Three years in the making, as they used to say in movie advertising—and still counting. At one point this summer, I passed unofficially from the first draft to the second draft stage of the book I’ve been working on. In fact, the first draft is not 100% done, call it 98%. There’s at least one more chapter to write and an introduction.
Now I’m dealing with several issues. One of them is no doubt similar to that of a novel writer, whose project has evolved since the initial conception. A few parts were written simply as blog posts, before there was even the idea of a book. Quite a few more date from when that idea was only coming into focus.
So revision has been producing its surprises. For one thing, I now see how I kept raising my own standards as I took what I was doing more seriously. Write-ups of research I did at the start are sometimes awkwardly organized, with off-topic digressions. Sometimes there’s a breeziness that is OK for blog writing but sounds amateurish now. For at least one chapter I’ve had to go back and redo all the research from scratch. There will no doubt be more.
Audience. I remember taking a while to figure out the readers I’m writing for. Early on, I knew that I wasn’t writing for academics or scholars. They’re welcome to read the book and may get something from it. But academic writing means that you are taking part in a discourse among experts in a particular field of research.
The discourse on my book’s subject—early frontier fiction—has been going on for a while, and to join that conversation, I’d have to find and read what scholars have already said about it. Fine for a graduate student working on a master’s thesis and with easy access to a university research library. But that made the project too much like work, and a whole lot less fun.
Since I’m an old-school literary historian by training, the current practice of theory-driven cultural studies isn’t so interesting to me either. I’ve heard papers read at conferences so dryly analytical and full of jargon an ordinary person walking in off the street would think they were hearing a foreign language. I’d be obliged to learn that language if I were to write to that audience.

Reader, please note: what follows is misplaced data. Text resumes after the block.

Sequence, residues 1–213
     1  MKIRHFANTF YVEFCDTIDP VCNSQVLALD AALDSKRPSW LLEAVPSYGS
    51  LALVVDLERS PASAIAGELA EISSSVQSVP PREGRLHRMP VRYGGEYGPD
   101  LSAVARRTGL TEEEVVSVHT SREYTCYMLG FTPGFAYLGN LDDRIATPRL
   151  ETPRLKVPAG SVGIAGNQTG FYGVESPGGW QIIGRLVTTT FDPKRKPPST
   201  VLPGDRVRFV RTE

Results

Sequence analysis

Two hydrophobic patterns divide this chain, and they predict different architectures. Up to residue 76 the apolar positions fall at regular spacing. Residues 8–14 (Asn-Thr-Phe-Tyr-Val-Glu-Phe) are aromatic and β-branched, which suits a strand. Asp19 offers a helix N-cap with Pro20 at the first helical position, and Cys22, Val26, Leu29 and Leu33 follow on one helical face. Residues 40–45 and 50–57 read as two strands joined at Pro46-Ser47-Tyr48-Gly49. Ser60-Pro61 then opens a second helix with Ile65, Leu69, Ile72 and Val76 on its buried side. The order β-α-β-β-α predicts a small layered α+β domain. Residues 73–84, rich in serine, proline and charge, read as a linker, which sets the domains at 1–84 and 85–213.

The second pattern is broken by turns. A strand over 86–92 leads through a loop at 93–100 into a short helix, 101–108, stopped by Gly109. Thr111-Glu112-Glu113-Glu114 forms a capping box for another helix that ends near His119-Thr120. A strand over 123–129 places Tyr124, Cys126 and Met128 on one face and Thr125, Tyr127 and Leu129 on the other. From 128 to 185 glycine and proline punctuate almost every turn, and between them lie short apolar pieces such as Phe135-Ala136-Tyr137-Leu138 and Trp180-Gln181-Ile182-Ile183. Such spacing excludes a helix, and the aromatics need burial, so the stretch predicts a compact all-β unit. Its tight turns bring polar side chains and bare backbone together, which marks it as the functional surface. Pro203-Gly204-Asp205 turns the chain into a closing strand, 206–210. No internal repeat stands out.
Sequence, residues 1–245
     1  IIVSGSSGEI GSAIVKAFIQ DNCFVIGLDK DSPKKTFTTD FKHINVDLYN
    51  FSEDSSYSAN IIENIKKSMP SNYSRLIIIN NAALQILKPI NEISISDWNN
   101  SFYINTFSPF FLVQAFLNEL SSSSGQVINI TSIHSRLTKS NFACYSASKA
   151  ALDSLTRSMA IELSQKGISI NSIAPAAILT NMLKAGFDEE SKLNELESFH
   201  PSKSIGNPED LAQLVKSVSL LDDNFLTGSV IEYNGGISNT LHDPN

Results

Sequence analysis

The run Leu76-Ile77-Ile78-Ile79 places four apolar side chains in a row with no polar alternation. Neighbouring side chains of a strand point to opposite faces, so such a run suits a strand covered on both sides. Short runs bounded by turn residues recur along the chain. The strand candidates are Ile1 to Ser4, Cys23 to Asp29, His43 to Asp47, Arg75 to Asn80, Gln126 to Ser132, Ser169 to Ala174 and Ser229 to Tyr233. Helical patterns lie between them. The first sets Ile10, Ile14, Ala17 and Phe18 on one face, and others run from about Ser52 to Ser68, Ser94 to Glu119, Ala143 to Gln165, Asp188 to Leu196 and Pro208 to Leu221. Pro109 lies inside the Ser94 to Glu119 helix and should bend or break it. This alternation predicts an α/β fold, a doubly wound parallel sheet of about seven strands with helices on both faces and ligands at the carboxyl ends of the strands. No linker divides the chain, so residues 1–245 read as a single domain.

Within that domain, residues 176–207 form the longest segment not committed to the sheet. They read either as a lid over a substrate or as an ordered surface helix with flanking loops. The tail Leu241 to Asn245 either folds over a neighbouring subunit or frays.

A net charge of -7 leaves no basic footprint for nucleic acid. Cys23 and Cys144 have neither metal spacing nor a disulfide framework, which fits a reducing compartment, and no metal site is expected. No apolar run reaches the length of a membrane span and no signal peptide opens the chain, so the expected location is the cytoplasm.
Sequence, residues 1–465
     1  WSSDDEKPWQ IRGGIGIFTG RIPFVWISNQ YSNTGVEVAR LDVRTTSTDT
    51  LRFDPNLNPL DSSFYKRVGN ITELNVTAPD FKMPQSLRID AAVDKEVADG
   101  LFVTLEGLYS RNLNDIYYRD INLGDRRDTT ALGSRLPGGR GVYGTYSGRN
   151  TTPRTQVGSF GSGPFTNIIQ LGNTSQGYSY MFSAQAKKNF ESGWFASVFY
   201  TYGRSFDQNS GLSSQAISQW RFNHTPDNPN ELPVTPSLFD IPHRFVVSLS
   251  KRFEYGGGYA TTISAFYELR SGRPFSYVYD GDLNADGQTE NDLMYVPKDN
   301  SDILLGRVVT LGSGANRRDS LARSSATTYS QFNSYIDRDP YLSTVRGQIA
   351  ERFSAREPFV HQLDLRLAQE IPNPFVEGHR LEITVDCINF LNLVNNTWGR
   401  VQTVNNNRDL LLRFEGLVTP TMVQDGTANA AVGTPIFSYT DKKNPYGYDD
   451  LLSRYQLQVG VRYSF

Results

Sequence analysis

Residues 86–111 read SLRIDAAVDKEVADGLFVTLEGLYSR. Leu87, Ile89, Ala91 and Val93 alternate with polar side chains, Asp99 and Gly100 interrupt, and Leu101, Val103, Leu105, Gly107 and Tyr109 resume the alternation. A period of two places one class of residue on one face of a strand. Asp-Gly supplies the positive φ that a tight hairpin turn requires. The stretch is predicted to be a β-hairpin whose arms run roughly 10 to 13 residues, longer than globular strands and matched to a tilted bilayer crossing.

So I decided instead to write for what I think are readers of this blog. That is, book readers and writers who enjoy westerns and frontier fiction and who share my curiosity about the origins of the genre. That audience may include academic folks, but I wanted what I wrote to be clear and interesting for the person who was simply a fan of the genre.
That meant writing plain English, informally, with some humor if I could manage it. The idea was to both illuminate and entertain—not an easy task, and one that I’ve only been able to approximate at times. But clarifying that target audience was an essential part of the book’s evolution—and now the revision process.
Whether that audience is actually out there is a question that enters my mind as I do this. But as long as I’m clear that I’m not doing it for fame or fortune, the number of readers the book finds isn't my main concern right now.
To be continued. . .
Image credits: Wikimedia Commons
Coming up: Guy Vanderhaeghe, The Last Crossing